Appalachian Lipstick

Laura Sloan Patterson
Poetry
Your image vanishes in a quizzical tilt, / as you wonder how you've been bested / by a hard-scrabble Appalachian girl…

The holiday cards were signed "Great,"
the name we gave her,
small mouths never rolling through
"Great-grandmother" without a bump.

As a girl, three years at the mill,
no smiles, no breaks, no sun-warmed brick at her back
and trails of cigarette smoke echoing stacked towers.
Painted eyebrows raised in her wake,
that one sure puts on airs.

She left, carrying
a tricked-out makeup case,
ready to spring like a coiled snake.
Bony knees and strong thighs
ground foothills into vistas.
The smell of castor oil and colored wax
wrapped in the deception of Perky Peony
and Manhattan Scarlet. Rolls of quarters
for the down payment on the dress shop,
downtown Granite Falls.
Then the real Manhattan, garment district,
the first of her clan to go.
Decades later, amid dusty hat boxes,
lipstick samples still roll and clatter
from under the attic eaves.

Tonight in mirrored reflection
you ask why I'm toying
with the tools of the patriarchy.
Why can't I look more earthy,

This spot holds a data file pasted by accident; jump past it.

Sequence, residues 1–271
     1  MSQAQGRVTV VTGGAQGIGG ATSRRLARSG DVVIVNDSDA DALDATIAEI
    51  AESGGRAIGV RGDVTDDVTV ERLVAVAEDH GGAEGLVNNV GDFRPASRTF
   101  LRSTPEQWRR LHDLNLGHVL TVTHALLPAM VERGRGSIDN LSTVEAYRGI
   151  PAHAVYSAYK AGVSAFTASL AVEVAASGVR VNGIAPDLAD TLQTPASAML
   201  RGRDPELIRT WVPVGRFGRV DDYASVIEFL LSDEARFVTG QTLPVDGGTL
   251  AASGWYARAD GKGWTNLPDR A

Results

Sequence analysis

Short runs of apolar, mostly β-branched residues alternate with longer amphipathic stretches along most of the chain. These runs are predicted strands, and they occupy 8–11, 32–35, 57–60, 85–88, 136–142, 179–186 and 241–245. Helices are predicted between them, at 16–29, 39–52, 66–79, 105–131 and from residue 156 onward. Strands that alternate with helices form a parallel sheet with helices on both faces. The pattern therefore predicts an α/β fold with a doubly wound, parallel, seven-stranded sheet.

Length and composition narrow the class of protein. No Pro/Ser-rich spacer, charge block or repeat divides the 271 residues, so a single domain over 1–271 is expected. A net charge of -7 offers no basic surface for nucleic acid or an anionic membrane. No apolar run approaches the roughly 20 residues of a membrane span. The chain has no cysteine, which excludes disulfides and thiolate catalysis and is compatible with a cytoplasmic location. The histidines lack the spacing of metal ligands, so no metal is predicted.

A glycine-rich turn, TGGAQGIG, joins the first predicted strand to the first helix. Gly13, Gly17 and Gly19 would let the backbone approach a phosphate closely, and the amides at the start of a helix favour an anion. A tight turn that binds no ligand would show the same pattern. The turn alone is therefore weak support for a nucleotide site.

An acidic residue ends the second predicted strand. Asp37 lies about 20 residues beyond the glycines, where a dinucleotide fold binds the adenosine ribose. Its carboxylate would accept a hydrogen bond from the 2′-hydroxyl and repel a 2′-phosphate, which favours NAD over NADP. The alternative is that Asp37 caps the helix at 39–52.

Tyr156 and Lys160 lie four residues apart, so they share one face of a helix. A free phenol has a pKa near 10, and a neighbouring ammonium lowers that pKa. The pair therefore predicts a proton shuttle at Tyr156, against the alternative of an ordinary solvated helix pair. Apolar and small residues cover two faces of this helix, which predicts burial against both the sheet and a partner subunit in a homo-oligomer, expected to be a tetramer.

like your vision of a me that never was?
My answer, part wax, part "bless your heart,"
holds a meaning far more offensive.
Your image vanishes in a quizzical tilt,
as you wonder how you've been bested
by a hard-scrabble Appalachian girl
with an invisible lipstick
curled in her palm.

Laura Sloan Patterson is an associate professor of English and the director of a writing program at Seton Hill University in western Pennsylvania. Her articles, on topics such as bridal fashion and advertising, fashion and feminism in academia, and sexual assault in southern literature, have appeared in Feminist Media Studies, The Chronicle of Higher Education, Women's Studies, and Mississippi Quarterly. She is also the author of Stirring the Pot: The Kitchen and Domesticity in the Fiction of Southern Women.

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